THIRD ANNUAL COMMUNITY ENGAGEMENT PROJECT
by Stop the Violence (Copenhagen)
Curated by Dave Deveau
Presented with Vancouver Public Library and The PuSh International Performing Arts Festival
January 24, 25, 31, February 1, 7, 8, 2015
VPL Central Branch
One of the biggest hits of last year’s PuSh Festival returns as 40 new human books await their “readers” at the Vancouver Public Library. Check out a book, discover a person.
Enter the Vancouver Public Library’s Central Branch and head up to the third floor where a special PuSh Festival circulation desk will register you with your own Human Library card and offer to lend you one of thirty possible human books. In choosing from titles like “Born Again Christian,” “Transgender Poet” and “Cultural Pirate” you’ll sign one out and be connected to the person behind that title. A one-on-one, twenty minute informal conversation will begin and the rest is up to you.
The Human Library initiative is an international phenomenon, started in Copenhagen as a project to fight hate in communities. It is designed to promote dialogue, reduce prejudices and encourage understanding. By connecting people who under normal circumstances might not have had a chance to sit down and talk, the library enables groups to break stereotypes by challenging common prejudices in a positive and humorous manner.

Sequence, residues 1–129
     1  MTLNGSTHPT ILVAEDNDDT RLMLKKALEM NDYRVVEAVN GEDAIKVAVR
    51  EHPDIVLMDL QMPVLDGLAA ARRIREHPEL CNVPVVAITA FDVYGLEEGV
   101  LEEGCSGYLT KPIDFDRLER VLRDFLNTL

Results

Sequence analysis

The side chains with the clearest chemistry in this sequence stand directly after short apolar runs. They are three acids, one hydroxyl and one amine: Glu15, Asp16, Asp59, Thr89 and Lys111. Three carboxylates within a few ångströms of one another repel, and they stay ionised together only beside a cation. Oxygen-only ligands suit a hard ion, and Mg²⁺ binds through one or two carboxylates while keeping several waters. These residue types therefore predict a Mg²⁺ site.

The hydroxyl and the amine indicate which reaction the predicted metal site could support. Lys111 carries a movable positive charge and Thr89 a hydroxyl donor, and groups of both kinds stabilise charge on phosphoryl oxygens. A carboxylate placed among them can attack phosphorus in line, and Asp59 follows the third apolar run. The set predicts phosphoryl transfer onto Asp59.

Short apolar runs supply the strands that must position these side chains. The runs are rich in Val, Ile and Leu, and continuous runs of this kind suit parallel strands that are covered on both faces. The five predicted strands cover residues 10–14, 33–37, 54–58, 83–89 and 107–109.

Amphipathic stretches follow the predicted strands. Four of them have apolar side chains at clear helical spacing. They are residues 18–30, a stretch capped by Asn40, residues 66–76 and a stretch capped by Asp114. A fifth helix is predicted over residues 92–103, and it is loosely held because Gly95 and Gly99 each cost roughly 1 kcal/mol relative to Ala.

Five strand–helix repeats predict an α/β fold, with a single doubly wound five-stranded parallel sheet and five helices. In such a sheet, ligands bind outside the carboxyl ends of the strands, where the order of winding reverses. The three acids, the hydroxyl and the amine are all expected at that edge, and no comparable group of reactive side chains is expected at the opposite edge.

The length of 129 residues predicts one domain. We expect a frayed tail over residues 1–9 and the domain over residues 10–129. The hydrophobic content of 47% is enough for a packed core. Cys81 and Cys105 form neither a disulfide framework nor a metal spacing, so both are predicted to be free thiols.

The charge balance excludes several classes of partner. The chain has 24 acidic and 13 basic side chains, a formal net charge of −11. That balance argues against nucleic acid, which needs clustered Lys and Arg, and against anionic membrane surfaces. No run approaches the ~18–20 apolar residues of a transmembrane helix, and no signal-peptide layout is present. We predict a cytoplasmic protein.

“A paper book exists in the finite space of printed text and internalized reading. A human book, however, exists in the real four-dimensional scope of human experience. The reader can’t skip bits or neglect their book, a human book requires fixed attention and, through that intimate engagement with another’s story, invites empathy through real human engagement.”Interface
“A very good read.”Jerry Wasserman, Vancouver Province
Human Library was started by a group of five individuals who founded the organization Stop The Violence after a brutal attack on a mutual friend. The first Human Library was held in Denmark in 2000 and the concept has since gained huge popularity and momentum. Over the past twelve years in over sixty-five countries, thousands of “human books” have connected with “readers” of all walks of life.